Living with Tourette Syndrome (TS) isn’t easy at any age, but it’s especially tough for a child—something Ian Webster knows all too well, as he was diagnosed with TS when he was just five years old. At the time, he couldn’t have known that, one day, finding an employer that supported neurodiversity in the workplace would be crucial to achieving his dreams.

Also called chronic motor and vocal tic disorder, Tourette Syndrome is a neurological disorder that causes involuntary “tics”—sudden vocalizations and movements. People who have it are often misunderstood and frequently viewed as rude or disruptive. Sometimes perceived this way by his classmates, Ian struggled through elementary, middle, and high school, and then into community college.

“Sometimes, it made it hard to keep going,” Ian said.

So hard, in fact, that Ian left college after a year, opting to work as a window cleaner for his mother’s business. While he liked that work, he wanted more independence. He also wanted all the things that come with employment at a large organization, including a better salary, medical benefits, and room for growth.

“I had a goal to work at the state someday,” he said. 

Realizing that he would need more employment experience under his belt to get there, the 22-year-old reached out to PRIDE Industries, a social enterprise with a mission to create employment for people with disabilities and experienced at supporting neurodiversity in the workplace.

Accommodating Neurodiversity in the Workplace

At PRIDE Industries, Ian was paired with Caryl Balko, a job developer, and Tameka Rich, then the Rehabilitation Services Supervisor. The two showed Ian what support for neurodiversity in the workplace looks like. They began by assisting Ian with employment preparation, including a two-week trial position as a dishwasher at a senior care facility. While he worked there, he underwent an assessment to determine his skills and strengths.

“His assessment went so well,” said Caryl. “His motivation and work ethic were admirable. Even though he was young, he was one of the hardest workers we’d seen.”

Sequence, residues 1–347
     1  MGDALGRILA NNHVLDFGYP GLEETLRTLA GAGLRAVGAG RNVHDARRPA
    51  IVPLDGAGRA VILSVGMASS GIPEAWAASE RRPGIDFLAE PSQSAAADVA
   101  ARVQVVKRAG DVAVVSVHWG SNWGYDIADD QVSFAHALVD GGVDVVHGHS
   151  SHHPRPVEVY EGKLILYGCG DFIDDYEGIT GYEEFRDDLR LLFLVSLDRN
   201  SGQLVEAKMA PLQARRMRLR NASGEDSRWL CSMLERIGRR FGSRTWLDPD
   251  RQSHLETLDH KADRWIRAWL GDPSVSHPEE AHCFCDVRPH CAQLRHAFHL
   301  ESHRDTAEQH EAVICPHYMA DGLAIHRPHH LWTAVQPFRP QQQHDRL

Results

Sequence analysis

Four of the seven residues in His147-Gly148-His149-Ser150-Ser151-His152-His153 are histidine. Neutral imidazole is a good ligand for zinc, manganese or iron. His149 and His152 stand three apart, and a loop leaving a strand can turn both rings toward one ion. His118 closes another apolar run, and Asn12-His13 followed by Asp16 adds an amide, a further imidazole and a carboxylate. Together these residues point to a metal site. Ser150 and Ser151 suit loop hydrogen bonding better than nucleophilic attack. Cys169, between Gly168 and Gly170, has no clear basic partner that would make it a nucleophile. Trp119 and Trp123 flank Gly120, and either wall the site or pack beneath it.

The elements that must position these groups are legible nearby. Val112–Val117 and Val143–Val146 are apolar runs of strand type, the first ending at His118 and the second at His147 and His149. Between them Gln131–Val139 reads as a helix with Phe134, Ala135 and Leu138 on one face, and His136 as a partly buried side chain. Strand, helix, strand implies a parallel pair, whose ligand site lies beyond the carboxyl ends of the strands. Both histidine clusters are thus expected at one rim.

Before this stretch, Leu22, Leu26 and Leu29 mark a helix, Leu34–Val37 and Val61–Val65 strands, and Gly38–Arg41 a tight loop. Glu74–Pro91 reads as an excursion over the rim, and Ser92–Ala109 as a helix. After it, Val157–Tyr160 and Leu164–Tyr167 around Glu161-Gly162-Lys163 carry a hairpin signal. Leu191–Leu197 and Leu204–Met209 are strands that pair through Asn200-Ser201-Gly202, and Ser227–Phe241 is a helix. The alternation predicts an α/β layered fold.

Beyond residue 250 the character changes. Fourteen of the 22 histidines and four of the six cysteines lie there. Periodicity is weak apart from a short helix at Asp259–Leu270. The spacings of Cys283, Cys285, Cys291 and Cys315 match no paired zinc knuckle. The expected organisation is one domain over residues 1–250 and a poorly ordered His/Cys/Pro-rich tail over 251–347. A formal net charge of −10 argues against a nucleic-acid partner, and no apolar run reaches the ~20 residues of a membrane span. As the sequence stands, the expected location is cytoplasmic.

Both Caryl and Tameka recognized that Ian was also gifted with a friendly, personable nature and a great sense of humor. Unfortunately, soon after starting his trial position, Ian experienced some personal life changes that required him to leave the workforce. But by then he’d made an impression on the PRIDE Industries team, and they asked him to return when he was able.

Back on the Path

Six years later, in 2019, after gaining more job experience as a part-time packager with UPS, Ian did just that. He’d held onto his goal—full time employment with a large organization that could, eventually, ready him for a state job. He was also as eager and personable as ever. Once more at PRIDE Industries, he worked with Tameka, who reinitiated the employment preparation process. Three months later, he was placed in a custodial position at the Sacramento Metropolitan Airport—where he began on the graveyard shift.

“I was glad to get my foot in the door,” said Ian.

He thrived in his position, eventually moving to the much busier day shift, which allowed him to work more independently and get the type of experience he needed to move forward in his career.

“I loved the environment and my supervisors and shift leads,” he said.

They loved Ian, too. So did Caryl and Tameka, who observed in him the same work ethic and great attitude he’d exhibited years before.

“We saw him really come into himself and grow in confidence at the airport,” said Tameka.

2019 and 2020 found Ian thriving in his position.  As much as he enjoyed working at the airport, however, his ultimate goal was still to secure a job with the State of California.

Later in 2020, he reached his goal, gaining a custodial position with California’s General Services Administration.

Arriving at Home Ownership

Though Ian worked only 16 months as a PRIDE Industries employee, that time had a huge impact on his life. First, he saw that neurodiversity in the workplace can and should be normalized. Second, he realized that he had what it took to excel at work and become financially self-sufficient.

“PRIDE Industries was the first steady full-time job I ever had,” he said. “It allowed me to become more independent.”

Tameka and Caryl couldn’t be happier for him.

“PRIDE Industries was a steppingstone for Ian,” said Tameka. “Great for him and great for us.”

A steppingstone, indeed, along a path that now includes home ownership.

“I pay my own mortgage now,” Ian said.

From part-time job to full-time, independent employment, Ian has come a long way. You could say that his journey has led him, literally, home.

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